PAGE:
In an opinion piece about the way some rogue professionals have worked against the public interest, Dartmouth's Brooke Harrington writes that more professional organizations need to step up, use their sanction power, and protect the public.
In an opinion piece, Dartmouth's Travis Curtice discusses the upcoming presidential election in Uganda. "Many Ugandans ... have overcome tremendous barriers and ongoing political intimidation to demand a more democratic Uganda," he writes.
In an interview about her new memoir, Bravey, Olympic athlete Alexi Pappas '12 says the book is "as much for parents as it is for dream-chasers, because so much of it is talking about my dad and how he raised us."
CNBC says Callie Brownson and Jennifer King, who both coached at Dartmouth, will be among eight women on the sidelines for National Football League playoff games, Brownson with the Cleveland Browns and King with the Washington Football team.
Eight graduate and undergraduate Dartmouth students are finalists in NASA's Big Idea Challenge, reports NBC 5. Developing technology—the team created a lunar rover—for space missions has been "super exciting," says team member Chris Lyke '21.
"Not all Americans trust medicine and science," says Dartmouth's Brendan Nyhan in a column about the time it's taking to get Americans vaccinated. Involving groups such as religious organizations, schools, and businesses will help, he says.
Shonda Rhimes '91's Bridgerton "is a career landmark for Rhimes, the first series in her exclusive, nine-figure deal with Netflix after a string of hits for ABC made her one of TV's most successful showrunners," writes the newspaper.
The Red Sox hired Bianca Smith '12 as a minor league coach, reports CBS. "I think it's a great opportunity also to just inspire other women who are interested in this game," says Smith, the first Black female coach in pro baseball history.
Writing about creating models for navigating historical accountability, Dartmouth's Charlotte Bacon and Barbara Will cite Dartmouth's "successful program to engage undergraduates in shedding light on complicated corners of the College's past."
Dartmouth's Dan Rockmore writes about three renowned mathematicians whom he knew and admired. "On their journeys, these playful, curious mathematicians discovered Monsters and numbers so large that they can hardly be written down," he says.
"The ebbs and flows of trade mainly reflect changes in economic growth around the world," writes Dartmouth's Douglas Irwin. "Therefore, the trade outlook for next year depends largely on whether the world can put the pandemic behind it."
An ancient baboon skull discovered in the archives of the British Museum by Dartmouth's Nathaniel Dominy and colleagues may be from a fabled land known as Punt. The scientists studied the baboon's tooth enamel for clues to its birthplace.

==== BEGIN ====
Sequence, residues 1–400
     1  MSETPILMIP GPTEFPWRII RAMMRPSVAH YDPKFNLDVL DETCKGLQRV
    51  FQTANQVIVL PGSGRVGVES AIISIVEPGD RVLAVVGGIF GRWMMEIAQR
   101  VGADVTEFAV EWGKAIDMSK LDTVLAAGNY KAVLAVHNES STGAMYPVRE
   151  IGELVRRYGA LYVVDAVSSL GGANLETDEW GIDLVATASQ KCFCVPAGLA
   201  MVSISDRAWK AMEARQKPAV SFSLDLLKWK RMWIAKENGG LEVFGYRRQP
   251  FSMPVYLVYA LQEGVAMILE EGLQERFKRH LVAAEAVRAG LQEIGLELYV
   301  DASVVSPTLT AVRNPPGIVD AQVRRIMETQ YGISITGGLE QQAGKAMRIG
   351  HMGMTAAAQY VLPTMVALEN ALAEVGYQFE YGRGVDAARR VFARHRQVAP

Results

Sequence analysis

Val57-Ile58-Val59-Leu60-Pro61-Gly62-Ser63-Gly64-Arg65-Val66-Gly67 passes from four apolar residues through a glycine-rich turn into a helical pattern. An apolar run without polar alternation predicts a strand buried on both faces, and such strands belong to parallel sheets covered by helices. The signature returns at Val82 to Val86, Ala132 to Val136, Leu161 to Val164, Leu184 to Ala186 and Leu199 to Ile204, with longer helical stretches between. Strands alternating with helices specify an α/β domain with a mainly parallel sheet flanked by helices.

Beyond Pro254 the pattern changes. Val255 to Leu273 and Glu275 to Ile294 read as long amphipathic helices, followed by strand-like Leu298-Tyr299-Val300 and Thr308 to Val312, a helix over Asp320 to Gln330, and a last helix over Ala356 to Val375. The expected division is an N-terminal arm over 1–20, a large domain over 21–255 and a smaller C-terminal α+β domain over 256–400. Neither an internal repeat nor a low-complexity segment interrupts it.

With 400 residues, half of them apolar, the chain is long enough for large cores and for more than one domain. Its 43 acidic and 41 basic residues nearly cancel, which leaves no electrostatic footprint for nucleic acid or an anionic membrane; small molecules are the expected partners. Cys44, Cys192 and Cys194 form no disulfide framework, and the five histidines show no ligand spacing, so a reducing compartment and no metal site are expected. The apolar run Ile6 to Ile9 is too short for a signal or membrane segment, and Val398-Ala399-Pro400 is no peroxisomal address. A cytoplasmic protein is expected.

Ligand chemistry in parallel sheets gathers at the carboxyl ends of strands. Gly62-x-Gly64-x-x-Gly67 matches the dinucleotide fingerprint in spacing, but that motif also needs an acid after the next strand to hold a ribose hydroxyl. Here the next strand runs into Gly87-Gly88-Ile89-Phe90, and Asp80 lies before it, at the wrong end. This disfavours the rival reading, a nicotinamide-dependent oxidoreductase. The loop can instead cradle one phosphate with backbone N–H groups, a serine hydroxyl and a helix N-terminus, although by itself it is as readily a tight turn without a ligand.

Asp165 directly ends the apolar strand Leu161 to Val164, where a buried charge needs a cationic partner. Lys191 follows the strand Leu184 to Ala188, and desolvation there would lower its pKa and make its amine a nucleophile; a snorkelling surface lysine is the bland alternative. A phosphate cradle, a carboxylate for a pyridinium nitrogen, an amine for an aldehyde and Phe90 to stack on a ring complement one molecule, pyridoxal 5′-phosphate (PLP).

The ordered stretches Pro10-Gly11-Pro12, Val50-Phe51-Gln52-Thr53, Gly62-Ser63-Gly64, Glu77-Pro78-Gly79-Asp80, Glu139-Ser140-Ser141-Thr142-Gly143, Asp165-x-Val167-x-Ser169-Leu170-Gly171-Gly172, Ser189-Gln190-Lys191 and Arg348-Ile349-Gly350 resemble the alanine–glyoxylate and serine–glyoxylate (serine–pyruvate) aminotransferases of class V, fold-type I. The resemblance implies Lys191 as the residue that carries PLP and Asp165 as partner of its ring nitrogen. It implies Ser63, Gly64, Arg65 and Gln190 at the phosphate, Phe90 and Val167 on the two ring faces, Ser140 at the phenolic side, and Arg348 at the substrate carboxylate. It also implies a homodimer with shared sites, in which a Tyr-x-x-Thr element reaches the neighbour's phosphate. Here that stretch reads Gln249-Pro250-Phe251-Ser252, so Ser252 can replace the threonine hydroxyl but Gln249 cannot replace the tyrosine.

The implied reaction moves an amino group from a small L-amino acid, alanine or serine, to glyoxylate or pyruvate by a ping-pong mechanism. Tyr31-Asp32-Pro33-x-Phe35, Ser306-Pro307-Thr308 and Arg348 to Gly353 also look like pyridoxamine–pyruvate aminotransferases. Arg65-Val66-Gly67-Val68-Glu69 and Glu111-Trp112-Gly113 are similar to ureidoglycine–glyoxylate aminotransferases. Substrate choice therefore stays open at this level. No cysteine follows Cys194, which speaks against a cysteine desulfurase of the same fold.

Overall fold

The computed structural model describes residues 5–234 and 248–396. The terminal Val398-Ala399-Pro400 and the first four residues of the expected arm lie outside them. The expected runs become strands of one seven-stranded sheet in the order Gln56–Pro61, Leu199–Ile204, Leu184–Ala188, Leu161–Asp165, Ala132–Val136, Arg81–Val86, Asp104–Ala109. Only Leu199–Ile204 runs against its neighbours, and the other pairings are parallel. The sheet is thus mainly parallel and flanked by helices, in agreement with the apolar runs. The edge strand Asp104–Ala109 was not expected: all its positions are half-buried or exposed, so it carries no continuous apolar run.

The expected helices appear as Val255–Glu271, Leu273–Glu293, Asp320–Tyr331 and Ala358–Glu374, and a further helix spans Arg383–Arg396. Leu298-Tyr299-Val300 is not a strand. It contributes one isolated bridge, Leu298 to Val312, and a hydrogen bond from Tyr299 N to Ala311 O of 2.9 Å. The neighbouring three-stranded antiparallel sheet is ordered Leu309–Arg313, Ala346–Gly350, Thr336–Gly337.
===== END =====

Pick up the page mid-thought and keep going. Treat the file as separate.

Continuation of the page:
In a story about countries laying claim to supplies of COVID-19 vaccines, Dartmouth's Kendall Hoyt tells the Times, "Just because you've purchased 100 million doses doesn't mean you'll get 100 million doses in December."
Missionaries, by Dartmouth's Phil Klay '05, is a "revelatory, panoramic portrayal of the remote yet interconnected ways that American-sponsored wars are waged across the globe," says the paper, counting it among the year's best books.
A story about Vermont's approach to COVID-19 cites social media comments by Dartmouth's Anne Sosin '02, who notes that the state's messaging approach includes communicating with empathy and not shaming people who disregard state guidelines.
In a story about climate change's impact on the Arctic, Dartmouth's Donald Perovich says, "While there have been these variations since, we've never returned to those levels before 2007. ... It's as though we're in this new state."
In a video co-produced by Alexander Stockton '15, Olympic athlete, writer, actress, and filmmaker Alexi Pappas '12 talks about confronting a challenge that took her by surprise—clinical depression—and how she has dealt with it.
Dartmouth's Eric Fossum, who "invented and commercialized the CMOS active-pixel image sensor with intrapixel charge transfer … the basis of 30 billion cameras so far," is on the list of people transforming media production and distribution.
A story about Wilma Mankiller, who became principal chief of the Cherokee Nation, discusses her work in education, healthcare, and government reform. Mankiller was a Montgomery Fellow at Dartmouth, which awarded her an honorary degree in 1991.
In a story about the pandemic's effect on the U.S. labor market, Dartmouth's Claudia Olivetti says the risk is that women are disproportionately affected, but companies "do need women. For example, more women than men have college degrees."